The Source Level of a noise source is defined as the "effective" level of sound at a nominal distance of one metre, expressed in dB re 1 µPa. However, the assumptions behind this simple definition warrant careful explanation.
As illustrated in the diagram above, in the near field (immediate vicinity) of a source of noise the sound level may be very complex, vary rapidly, and not be representative of the level of sound further from the source (the far field). Usually, a means of estimating the level at greater distances is needed. Hence it is normal to measure the sound pressure in the far field at sufficient distance from the transducer that the field has "settled down", and to use this pressure to estimate the apparent (or effective) level at a nominal one metre from the source. The apparent level may bear no relation to the actual level.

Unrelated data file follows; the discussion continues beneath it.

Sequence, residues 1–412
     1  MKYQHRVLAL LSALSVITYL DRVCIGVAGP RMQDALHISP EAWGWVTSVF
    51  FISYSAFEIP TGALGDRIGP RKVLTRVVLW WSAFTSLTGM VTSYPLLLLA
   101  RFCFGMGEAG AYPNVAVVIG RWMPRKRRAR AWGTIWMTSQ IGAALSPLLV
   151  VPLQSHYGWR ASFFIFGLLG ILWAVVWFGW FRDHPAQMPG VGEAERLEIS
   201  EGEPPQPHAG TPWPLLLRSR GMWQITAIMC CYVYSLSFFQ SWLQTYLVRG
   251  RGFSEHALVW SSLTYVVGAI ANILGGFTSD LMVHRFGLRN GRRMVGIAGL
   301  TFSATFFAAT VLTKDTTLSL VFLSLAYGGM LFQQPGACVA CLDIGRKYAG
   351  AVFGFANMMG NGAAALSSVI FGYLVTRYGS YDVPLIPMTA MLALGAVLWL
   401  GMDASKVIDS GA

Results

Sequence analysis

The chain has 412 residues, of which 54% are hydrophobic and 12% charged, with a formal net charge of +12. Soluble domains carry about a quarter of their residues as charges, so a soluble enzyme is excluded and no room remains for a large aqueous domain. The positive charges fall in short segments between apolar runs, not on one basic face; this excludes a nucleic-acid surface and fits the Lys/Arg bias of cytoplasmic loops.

A measurement of the apparent level can be accomplished by assuming inverse dependence of pressure on the range from the noise source, or by extrapolating the far field pressure. For instance, if measurements were made in the range 100 metres to 10000 metres, the apparent level would, as illustrated by the extrapolation, be much higher than the actual level.
There is in general no reliable way of predicting the noise level from sources of man-made noise, and hence it is normal to directly measure the Source Level where a requirement exists to estimate far-field levels.
The figure to the right shows measurements of peak pressure levels from an airgun array. The lines in different colours represent measurements made on different days. The best fit of the data is given by:
The effective Source Level is therefore 262.9 dB re 1 µPa at 1 metre.
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